Aust businesses urge caution on interest rates

Economist Shane Garrett says mining investment is slowing more quickly than expected.
Economist Shane Garrett says mining investment is slowing more quickly than expected.

Business groups are urging the Reserve Bank of Australia to exercise caution before considering raising interest rates, given improving signs in the economy are not yet widespread.

The central bank left the cash rate at an all-time low of 2.5 per cent at Tuesday's monthly board meeting, as widely expected by economists.

The RBA last cut the cash rate in August 2013.

Bookies expect at least another month of stable rates in May so the central bank board can see what Treasurer Joe Hockey serves up in his first budget.

RBA governor Glenn Stevens believes interest rate policy is appropriately configured to foster sustainable growth in demand and inflation outcomes that are consistent with its two to three per cent inflation target.

"On present indications, the most prudent course is likely to be a period of stability in interest rates,'' Stevens said in his post-meeting statement.

Housing Industry Association senior economist Shane Garrett says it is extremely important that low interest rates are maintained, faced with an economy that is growing below trend and with the unemployment rate at a decade high of six per cent.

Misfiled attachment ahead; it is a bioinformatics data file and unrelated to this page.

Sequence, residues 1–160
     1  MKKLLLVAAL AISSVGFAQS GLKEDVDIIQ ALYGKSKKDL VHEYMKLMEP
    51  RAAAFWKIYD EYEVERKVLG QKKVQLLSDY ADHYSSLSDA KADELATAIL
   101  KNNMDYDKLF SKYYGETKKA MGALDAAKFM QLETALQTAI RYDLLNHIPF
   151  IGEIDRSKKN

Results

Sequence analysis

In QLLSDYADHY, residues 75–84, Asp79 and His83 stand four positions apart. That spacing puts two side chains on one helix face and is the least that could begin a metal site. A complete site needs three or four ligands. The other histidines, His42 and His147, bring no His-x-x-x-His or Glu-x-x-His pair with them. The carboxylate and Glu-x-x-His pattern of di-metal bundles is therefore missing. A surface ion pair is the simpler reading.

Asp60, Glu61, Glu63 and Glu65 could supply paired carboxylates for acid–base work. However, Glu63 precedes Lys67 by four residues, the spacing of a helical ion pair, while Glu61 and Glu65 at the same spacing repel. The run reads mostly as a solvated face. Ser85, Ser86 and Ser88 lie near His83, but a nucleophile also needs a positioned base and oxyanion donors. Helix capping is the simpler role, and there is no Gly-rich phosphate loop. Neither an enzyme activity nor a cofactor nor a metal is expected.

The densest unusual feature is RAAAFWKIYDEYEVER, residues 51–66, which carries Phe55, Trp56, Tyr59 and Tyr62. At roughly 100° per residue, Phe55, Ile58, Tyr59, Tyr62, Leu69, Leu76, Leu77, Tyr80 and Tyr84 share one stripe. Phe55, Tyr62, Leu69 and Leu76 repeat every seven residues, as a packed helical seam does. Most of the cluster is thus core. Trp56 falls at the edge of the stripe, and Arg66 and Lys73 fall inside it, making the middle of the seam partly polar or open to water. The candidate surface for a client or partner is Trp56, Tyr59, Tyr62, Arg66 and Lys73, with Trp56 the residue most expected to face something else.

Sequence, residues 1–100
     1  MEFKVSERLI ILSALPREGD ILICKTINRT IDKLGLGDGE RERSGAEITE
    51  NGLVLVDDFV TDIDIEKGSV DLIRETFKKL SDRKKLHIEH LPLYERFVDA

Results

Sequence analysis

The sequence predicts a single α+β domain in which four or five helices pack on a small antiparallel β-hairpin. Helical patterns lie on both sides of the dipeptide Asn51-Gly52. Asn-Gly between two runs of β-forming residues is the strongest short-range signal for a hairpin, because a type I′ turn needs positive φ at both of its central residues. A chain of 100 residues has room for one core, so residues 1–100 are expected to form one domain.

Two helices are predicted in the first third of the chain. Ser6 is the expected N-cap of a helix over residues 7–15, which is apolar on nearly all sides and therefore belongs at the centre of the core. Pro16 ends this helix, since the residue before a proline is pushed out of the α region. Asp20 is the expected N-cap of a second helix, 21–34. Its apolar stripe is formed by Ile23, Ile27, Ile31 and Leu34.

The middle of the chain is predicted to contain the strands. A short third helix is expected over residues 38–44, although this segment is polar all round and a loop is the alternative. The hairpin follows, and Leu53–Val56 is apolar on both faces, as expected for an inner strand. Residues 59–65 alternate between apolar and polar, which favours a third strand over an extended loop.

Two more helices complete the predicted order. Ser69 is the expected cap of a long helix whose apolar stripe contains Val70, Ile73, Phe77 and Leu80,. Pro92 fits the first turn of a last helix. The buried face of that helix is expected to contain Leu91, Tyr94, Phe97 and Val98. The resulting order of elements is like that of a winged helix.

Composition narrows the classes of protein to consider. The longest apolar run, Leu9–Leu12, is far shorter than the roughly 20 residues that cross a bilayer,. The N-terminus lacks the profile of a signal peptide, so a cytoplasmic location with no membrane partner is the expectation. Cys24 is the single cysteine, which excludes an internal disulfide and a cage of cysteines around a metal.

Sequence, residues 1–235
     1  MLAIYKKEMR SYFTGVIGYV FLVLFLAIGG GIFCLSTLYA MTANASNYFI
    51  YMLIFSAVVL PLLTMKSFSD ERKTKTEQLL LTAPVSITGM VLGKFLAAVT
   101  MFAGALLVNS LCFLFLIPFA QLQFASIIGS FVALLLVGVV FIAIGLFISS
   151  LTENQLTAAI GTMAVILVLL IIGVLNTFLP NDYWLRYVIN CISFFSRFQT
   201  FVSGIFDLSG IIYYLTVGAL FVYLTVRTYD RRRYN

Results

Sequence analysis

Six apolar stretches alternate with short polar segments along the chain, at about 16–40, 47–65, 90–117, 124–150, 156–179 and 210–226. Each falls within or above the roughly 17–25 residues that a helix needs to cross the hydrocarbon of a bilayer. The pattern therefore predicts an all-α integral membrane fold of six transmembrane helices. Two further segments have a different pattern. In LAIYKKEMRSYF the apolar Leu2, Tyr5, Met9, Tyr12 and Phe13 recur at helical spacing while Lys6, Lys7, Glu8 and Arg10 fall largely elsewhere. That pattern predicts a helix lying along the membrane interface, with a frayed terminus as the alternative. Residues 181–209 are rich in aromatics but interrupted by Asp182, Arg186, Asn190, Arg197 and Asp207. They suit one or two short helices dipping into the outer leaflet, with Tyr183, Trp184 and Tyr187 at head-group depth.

"Mining investment is slowing more quickly than expected, and the RBA has to offer other sectors of the economy the chance to fill the growth gap,'' Garrett said in a statement.

He says while residential building has responded well to low rates, it is vital they remain so to insure the housing recovery reaches its full potential.

New data released on Tuesday shows house prices posted their biggest monthly gain in 18 years, jumping 2.3 per cent in March.

The RP Data Rismark home value index showed capital city prices were 10.6 per cent higher over the year, led by strong gains in Sydney and Melbourne.

Stevens acknowledged that dwelling prices had increased significantly over the past year but credit growth was only slowly picking up.

Retailers said while there were signs of a spending revival, the small business sector was still struggling.

"We are still seeing sectors of retail doing it very tough,'' Australian Retailers Association executive director Russell Zimmerman said.

He urged the central bank to exercise the same caution in raising rates in the future as it did lowering them.

Meanwhile, manufacturing continues to struggle, highlighting that large parts of the economy are failing to gain traction, according to Australian Industry Group chief executive Innes Willox.

The group's performance of manufacturing index fell 0.7 points to 47.9 in March, remaining below the crucial 50-mark that indicates activity in the sector is in contraction.

"Subdued local demand and the newly resurgent dollar are weighing heavily against the efforts of manufacturers to rebuild their sales base in Australia and internationally,'' Willox said.

-AAP

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